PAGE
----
My daughter's soccer team is awesome. They are eleven strong, fast, feisty 9 and 10 year olds. They are the Meerkats and they are mighty! Many of them have been playing together for going on five years. They are committed and connected. For the most part, the girls are pretty versatile. Their coaches play them all over the field and they usually go with it, except for goalie.
There are only two girls on the team brave enough to volunteer for goalie every time. Usually, each of these two heroines plays goalie one half of every game. A few weeks ago, one of our little goalies got her confidence crushed. Though she played hard, she let lots of goals in and she felt like she'd let down her team.
I have two friends who played college soccer, one of them was the goalie for Guam's national team. I asked them if they'd do a small coaching session with our two goalies and a few other girls. Graciously, they agreed. Dressed in their soccer duds, these forty-something women gently guided four goalie-resistant Meerkats through the ins and outs of playing goal keeper.
I watched from the sidelines as they dove, rolled, made upside-down and right side-up "W" shapes with their hands and hobbled like gorillas keeping close to the ground so as to never miss a ball. At the end of the session, as the girls stretched, one of the coaches had the girls go around in a circle and share, "Say one thing you did well today and one thing you want to work on." Naming what they wanted to work on was easy; saying what they did well was much more challenging.
After the coaches left, the girls all stayed to play Lighting, a fast shooting game where the goalie rotates. Normally, no one wants to play goalie, especially during Lightning. But on this day, all of the girls kept their keeper gloves on (and it wasn't very cold out) and fought to play goalie.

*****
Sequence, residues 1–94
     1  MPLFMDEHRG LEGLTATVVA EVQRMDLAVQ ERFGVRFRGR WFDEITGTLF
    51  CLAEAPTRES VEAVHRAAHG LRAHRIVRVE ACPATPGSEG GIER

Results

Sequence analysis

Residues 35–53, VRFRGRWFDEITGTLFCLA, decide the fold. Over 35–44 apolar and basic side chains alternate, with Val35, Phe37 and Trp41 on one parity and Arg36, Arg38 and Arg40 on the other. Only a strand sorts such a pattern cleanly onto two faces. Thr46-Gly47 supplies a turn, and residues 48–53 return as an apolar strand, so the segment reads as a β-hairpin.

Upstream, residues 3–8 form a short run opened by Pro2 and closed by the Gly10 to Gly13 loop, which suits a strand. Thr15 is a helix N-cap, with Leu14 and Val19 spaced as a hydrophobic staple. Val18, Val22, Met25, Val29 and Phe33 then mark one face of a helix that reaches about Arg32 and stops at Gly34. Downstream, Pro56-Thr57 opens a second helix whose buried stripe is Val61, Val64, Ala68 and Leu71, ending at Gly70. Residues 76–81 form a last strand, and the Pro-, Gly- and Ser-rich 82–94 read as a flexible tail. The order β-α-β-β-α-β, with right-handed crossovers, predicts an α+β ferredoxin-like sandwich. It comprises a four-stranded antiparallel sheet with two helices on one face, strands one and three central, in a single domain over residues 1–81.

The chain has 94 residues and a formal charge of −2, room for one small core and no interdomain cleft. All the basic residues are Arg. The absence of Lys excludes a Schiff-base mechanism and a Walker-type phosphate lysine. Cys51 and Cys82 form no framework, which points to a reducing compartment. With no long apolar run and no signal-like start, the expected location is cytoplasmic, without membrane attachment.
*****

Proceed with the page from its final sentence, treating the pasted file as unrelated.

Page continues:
Later that day Lucia said to me, "Mom, I really need to practice playing goalie more." What the hell!? "You like goalie?" I inquired, trying to keep a neutral tone. "Yeah" she quipped, as if it was obvious.
What changed? The girls got a lesson and they had fun. They went into something feeling pretty in the dark and their new coaches broke it down, lightened it up for them. Do you remember when you first started practicing yoga? I do. I felt completely in the dark. And I often still do. I needed my teachers then, and I need them now, to break things down for me, give me support and strength and guidance.
Today when I taught, as I often do, I felt incredible gratitude for my job. I love it. Every class I teach, I love. The looks on the faces of students struggling to hold balance or find alignment is infinitely inspiring. I know I give a lot of feedback about what students can do better-- "lift your chest more, relax your forehead, balance your weight more evenly across your feet." But I might not say enough, "Think about what you did well today." Forgive me if I don't say it because I think it. You do a lot well. Everyday.